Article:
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The first known inhabitants of the important Mediterranean island were the Elymi, Sicani, and Siculi.

Phoenicians later settled on the west coast, notably at Panormus (now Palermo); Carthaginians founded Lilybaeum and Drepanum (now Trapani); and on the east and southeast coasts Greeks founded (8th-6th centuries BC) such cities as Syracuse, Catania, Zancle (now Messina), Gela, and Selinus.

The originally democratic Greek governments were gradually replaced by tyrannies, particularly those of Gelon, Hiero I, and others at Syracuse.

In the 5th Century BC Syracuse gained control over the other city states, but Phoenician influence was rapidly taking hold by Carthaginian expansion. The Carthaginian Hamilcar was repulsed at Himera in 480 BC, but later invasions gained control (by 400 BC) of more than half of the island. More invaders from mainland Greece seized the remainder, and Sicily became a battleground for rival empires.

A century of antagonism between Greeks and Carthaginians eventually led to a treaty between the Greek King Hiero I and Rome. This brought the fledgling Roman Empire into direct conflict with Carthage in the First Punic War between 264 and 241 BC.

The Roman victory would make them the predominant force in Sicilia. With the death of Hiero II in Syracuse in 212 BC and another Roman victory over Carthage in the Second Punic War, virtually all of Sicily came under Roman control. Total control would remain in doubt, however until the defeat of Hannibal in 146 BC.

The Romans would complete the enriching Hellenization of Sicilian culture. However, the resources of the island-known as the Breadbasket of Rome-were depleted by the Romans, who also founded the large estates (latifundia) that subsequently greatly hampered the economic development of Sicily. The island was regarded as land to be exploited, especially agriculturally, to supply Rome with grain. A colonial-type economy was established and the land assigned to Roman proprietors using Asian slave labor bought in the Delos markets.

The slave uprisings of 139 and 104 BC are an indication that slavery and exploitation of the island had increased. The first slave revolt helped lead directly to the rise of the Gracchi brothers in Rome. They instituted agricultural reform as a policy in Rome. Further acts transferring power from the senate to the Tribunes of the Plebs and the ensuing violence it caused was one major of many factors, however, leading directly to the fall of the Republic and the rise of the Empire.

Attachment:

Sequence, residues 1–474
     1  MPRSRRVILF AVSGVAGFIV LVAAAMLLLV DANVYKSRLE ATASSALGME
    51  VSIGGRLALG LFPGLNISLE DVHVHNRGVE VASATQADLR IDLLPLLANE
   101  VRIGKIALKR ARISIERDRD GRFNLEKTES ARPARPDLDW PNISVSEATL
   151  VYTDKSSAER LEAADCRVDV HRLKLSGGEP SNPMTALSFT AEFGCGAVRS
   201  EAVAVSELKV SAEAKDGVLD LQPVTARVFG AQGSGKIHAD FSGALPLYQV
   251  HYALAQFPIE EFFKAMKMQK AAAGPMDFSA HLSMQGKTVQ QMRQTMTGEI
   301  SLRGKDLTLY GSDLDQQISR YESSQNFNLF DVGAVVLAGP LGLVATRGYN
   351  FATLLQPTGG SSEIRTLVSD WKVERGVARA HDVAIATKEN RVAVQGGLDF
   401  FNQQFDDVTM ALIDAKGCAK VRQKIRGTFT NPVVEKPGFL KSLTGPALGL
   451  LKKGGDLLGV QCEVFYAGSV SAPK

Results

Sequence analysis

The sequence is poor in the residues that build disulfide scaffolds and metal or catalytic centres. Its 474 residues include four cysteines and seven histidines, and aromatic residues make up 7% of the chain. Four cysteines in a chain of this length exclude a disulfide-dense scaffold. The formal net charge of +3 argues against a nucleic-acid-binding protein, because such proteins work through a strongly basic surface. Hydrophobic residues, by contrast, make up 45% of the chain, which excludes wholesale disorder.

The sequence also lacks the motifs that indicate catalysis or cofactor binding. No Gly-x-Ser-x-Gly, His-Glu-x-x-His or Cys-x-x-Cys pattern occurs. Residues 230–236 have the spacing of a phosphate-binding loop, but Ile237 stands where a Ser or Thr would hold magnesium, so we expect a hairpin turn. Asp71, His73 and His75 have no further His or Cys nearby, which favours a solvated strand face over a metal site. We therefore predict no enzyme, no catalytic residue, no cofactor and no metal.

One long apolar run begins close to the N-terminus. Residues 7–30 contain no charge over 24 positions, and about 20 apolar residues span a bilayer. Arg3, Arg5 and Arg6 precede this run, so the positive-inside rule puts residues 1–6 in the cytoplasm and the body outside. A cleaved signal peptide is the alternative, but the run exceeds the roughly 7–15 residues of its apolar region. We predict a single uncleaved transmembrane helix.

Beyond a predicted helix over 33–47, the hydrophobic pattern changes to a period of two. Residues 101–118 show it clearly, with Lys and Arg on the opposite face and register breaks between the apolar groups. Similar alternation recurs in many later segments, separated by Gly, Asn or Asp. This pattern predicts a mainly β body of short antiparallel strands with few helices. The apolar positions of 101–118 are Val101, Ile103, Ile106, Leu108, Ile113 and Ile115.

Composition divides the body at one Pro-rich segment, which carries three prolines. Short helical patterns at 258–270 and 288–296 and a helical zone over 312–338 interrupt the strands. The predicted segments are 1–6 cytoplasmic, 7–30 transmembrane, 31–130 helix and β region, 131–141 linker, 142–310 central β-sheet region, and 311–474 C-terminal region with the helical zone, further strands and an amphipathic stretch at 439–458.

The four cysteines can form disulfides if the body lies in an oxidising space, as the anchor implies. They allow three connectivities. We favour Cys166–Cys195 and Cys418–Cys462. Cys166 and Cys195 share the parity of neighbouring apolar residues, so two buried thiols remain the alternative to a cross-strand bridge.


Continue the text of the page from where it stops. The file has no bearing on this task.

Corruption in government of Sicilia reached its peak with Caius Verres in 73 - 71 BC. Marcus Tullius Cicero was called to Sicily to argue against the island's corrupt governor, who fled in anticipation of being tried by the great orator. The trial is little more than a footnote to history, but Cicero's lengthy indictment of the governor contains many useful descriptions of the Sicily of those times.

Relegated to the backdrop of Roman political life, Sicily found itself again involved in the final years of the Republic. At the time of the second triumvirate of Octavian, Marcus Antonius and Lepidus, Sextus Pompeius, son of Pompeius Magnus, occupied the island, blocking the journey of the expedition carrying grain to Rome. In 36 B.C.

Octavian landed an army in Sicily, defeated Sextius and, in 27 B.C., became emperor with the name of Augustus. He reorganized the province, generally confirming the Latin citizenship Caesar had conferred in 46 BC, but bestowed Roman citizenship on no more than a few cities. The Greek features of the administration were supplanted by the Roman and under Augustus the transfer of colonies began: at Syracuse, Taormina, Catania, Tindari, Panormo and Termini were assigned to army veterans.

Such steps did not, however, radically affect the island's political and economic structures. Rome's interest in Sicily was entirely marginal and determined both political isolation and economic and cultural regression. The Greek language, however, remained predominant. Augustus was the first to introduce Latin to any meaningful extent, but then only among the privileged classes and ruling elite.

Sicily, despite its rather peaceful existence during the imperial period, suffered the same fate as the rest of the west. By the earth 5th century Vandals who had migrated from Germania, to Hispania and Africa, overran Sicily as well.

Economy of Sicilia

In ancient times, Sicilia was covered with extremely rich farmland, whose wheat and corn harvests fed virtually the entire western part of the Roman Empire. Its thick forests were renowned, but the Romans plundered them to build their great naval fleets and the myriad wooden homes that fueled Nero's infamous fire. The island also exported fruits and almonds.

Tribes of Sicilia

The original tribes of Sicilia, the Elymi, Sicani, Siculi and Brutti were nearly completely absorbed by Phoenician, Greek and then Roman culture. Greek mythology and folklore would assert the greatest influence on Sicily, and Sicily's museums are filled with religious artifacts and statues reflecting the important culture whose language, philosophy and law would form the very foundations of Western civilization. Archimedes, the great mathematician and engineer, was born in Syracuse in 287 BC.

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